conebeckham wrote:I think most "lay teachers" don't wear the true monastic robes, they wear robes that, on first glance, may appear to match the monastic robes. The Shentab skirt, and the vest, etc., would be appropriate for monks, IMO, but I have no problem with "lay teachers" wearing maroon lower garment (shamgyur) and zen, etc. "Lay teachers" are still to be distinguished from "non-teachers" I would think....?


I also don´t mind if they wear monastic or "monk-like" dress, they can wear anything, but for the general public, this is confusing.

conebeckham wrote:And I think "Inner Tantra" is suitable for monks, up to a point. Many great Lamas have commented on how the monastic vows and tantric samaya can be kept in harmony, and I see no problem ...Atisha may have said that, but Ngari Panchen and others have a different view.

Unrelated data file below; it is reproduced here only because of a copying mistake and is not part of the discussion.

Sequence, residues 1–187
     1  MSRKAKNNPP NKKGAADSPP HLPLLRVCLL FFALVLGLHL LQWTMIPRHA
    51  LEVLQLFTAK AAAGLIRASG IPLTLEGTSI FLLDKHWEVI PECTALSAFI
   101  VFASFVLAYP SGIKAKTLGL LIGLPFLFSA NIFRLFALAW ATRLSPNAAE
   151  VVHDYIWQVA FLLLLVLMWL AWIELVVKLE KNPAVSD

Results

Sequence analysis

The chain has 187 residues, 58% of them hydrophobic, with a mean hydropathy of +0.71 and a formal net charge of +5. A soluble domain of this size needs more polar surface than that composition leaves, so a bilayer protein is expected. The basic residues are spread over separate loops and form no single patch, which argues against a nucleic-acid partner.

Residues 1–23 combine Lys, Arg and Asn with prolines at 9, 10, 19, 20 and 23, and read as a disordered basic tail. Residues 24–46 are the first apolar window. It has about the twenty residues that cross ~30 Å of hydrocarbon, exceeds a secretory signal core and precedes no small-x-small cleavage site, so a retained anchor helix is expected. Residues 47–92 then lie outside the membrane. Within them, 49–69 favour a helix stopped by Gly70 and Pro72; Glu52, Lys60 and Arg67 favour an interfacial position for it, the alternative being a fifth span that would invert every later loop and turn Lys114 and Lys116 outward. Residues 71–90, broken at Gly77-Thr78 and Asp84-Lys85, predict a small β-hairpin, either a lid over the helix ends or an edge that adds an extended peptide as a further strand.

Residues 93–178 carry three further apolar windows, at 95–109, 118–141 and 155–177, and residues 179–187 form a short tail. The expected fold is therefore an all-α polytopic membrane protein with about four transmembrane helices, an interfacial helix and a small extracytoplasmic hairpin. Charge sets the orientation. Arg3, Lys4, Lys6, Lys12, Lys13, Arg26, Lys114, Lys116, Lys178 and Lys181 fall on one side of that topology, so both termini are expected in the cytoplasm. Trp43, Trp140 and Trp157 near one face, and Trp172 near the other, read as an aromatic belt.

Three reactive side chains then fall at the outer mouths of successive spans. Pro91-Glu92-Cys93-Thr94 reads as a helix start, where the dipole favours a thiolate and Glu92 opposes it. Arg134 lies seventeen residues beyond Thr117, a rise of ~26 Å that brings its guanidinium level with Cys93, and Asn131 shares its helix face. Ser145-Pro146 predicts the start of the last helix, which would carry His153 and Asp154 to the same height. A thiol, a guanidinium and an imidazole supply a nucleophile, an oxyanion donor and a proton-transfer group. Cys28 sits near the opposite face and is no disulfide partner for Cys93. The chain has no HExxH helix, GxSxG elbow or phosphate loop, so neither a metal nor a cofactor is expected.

I am not sure what sources Ngari Panchen used as his basis, and also maybe from the point of anuyoga this is fine. But in Samvara and Hevajra etc. in the original way of transmission of these tantras, the practitioners were required to bring consort in order to receive secret empowerment. Which obviously members of monastic sangha could not do. The only exception were bodhisattvas who have achieved bhumis, that is why there were a handful of mahasiddhas who were monks, since there is no mistake in prajna, they could bring a consort to be symbolically present at the empowerment. Later this was replaced with visalisations, tsakli etc. Also for example Gampopa proposed to use milk instead of alcohol for the monastic recipients of anuttaratantra empowerment. So Tibetans modified these things in order to fit with Kadampa doctrine.